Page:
Leap Year Lesson #224: Work Where You Are Most Productive

Posted: August 14, 2012 in Focus
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I have previously written about the advantages and disadvantages of working at home.  Today was another example of that for me.

Last weekend when I was reviewing my calendar for this week, I noticed that I was the only one of my four-person team scheduled to be in the office today.  One person was taking the day off and the other two had informed the rest of us that they would be working from home today.  I looked at my calendar, saw no in-person meetings planned, and promptly sent out a notice to my team that I, too, would work from home today.

It’s always a pleasure to work sitting in my favorite recliner in comfortable clothes with my dog, Callie (shown here), curled up beside me.  I appreciate the fact that my manager has given our team the OK to work from home one day a week if we so choose.  I rarely do it, but it’s nice having that option.

Today was an example of how you can focus on one major task to get off your plate in the quiet of your home (assuming your home is quiet), in the end getting far more done than you might otherwise accomplish with the distractions found in the office.  I tackled a dreaded task today that would normally take several days in the office because of the interruptions and distractions.  I haven’t completed it yet, but I will before I go to bed.  It will be a significant accomplishment in an area I haven’t made progress all year.  It was much needed.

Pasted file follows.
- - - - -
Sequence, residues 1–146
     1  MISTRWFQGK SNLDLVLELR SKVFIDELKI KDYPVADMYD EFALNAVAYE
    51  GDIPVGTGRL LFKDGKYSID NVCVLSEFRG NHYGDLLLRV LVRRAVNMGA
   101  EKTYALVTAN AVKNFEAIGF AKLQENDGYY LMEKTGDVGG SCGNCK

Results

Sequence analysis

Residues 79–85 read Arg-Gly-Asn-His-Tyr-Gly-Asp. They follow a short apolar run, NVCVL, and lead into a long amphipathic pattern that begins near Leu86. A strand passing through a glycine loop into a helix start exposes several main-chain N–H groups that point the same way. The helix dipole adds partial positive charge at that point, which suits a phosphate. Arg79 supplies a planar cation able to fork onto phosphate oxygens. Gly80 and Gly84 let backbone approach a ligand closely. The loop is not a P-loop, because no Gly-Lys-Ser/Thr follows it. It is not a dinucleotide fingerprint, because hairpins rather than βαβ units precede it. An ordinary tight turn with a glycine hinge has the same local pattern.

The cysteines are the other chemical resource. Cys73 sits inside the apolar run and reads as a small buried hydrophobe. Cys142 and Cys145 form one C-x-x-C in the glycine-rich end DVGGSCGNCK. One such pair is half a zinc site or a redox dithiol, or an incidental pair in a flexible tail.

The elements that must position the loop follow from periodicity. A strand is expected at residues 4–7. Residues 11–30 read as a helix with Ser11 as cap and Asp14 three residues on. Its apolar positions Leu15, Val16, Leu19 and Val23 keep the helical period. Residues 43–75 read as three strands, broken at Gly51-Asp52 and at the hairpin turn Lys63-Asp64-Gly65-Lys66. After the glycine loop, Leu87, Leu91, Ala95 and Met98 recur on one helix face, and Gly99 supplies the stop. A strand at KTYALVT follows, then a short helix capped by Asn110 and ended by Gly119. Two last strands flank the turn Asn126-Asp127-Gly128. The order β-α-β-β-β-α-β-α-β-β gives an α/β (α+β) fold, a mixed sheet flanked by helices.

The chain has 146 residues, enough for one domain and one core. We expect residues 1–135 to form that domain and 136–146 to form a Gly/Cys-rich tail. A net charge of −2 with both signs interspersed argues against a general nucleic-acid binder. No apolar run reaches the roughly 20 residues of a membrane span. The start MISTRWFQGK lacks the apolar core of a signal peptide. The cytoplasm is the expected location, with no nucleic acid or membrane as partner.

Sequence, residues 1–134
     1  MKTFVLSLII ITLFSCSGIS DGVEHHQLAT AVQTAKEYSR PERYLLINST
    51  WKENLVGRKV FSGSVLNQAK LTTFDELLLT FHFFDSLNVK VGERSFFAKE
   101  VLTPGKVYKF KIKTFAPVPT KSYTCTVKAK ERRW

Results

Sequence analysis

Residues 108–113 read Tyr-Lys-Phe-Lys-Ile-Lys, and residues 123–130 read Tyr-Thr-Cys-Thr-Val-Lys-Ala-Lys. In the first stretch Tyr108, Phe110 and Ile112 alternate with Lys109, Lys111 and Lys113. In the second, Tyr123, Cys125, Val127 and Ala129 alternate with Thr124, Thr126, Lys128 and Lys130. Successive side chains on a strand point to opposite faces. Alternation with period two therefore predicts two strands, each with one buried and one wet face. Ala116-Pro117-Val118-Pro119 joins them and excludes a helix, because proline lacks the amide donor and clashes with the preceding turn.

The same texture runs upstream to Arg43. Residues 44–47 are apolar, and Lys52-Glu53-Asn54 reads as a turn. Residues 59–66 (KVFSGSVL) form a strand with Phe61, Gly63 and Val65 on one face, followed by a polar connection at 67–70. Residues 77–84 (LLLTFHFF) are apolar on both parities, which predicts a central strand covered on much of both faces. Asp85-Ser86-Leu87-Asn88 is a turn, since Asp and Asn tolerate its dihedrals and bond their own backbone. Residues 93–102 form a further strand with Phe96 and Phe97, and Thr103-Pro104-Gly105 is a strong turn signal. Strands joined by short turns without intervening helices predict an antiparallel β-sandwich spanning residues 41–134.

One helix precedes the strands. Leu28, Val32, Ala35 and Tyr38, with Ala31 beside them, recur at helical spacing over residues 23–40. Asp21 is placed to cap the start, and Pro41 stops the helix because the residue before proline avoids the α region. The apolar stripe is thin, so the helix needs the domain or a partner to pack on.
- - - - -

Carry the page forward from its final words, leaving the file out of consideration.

Some people concentrate best with headphones on and music blaring.  Some have other noises or surroundings such as a coffee shop that help them focus on getting something done.  For me, it’s the quiet of my man cave with no sounds except occasional conversation with my dog.  Put me in that environment and not only can I get work done, but I can work for far more hours in the day than I ever would in an office.

Companies need to allow their people to implement leap year lesson #224 – Work where you are most productive.

  1. wjryan says:

    When we focus on what we do rather than where we do it then culture will reflect honest commitment to performance and quality for the conversation will be on the deliverable instead of the desktop!

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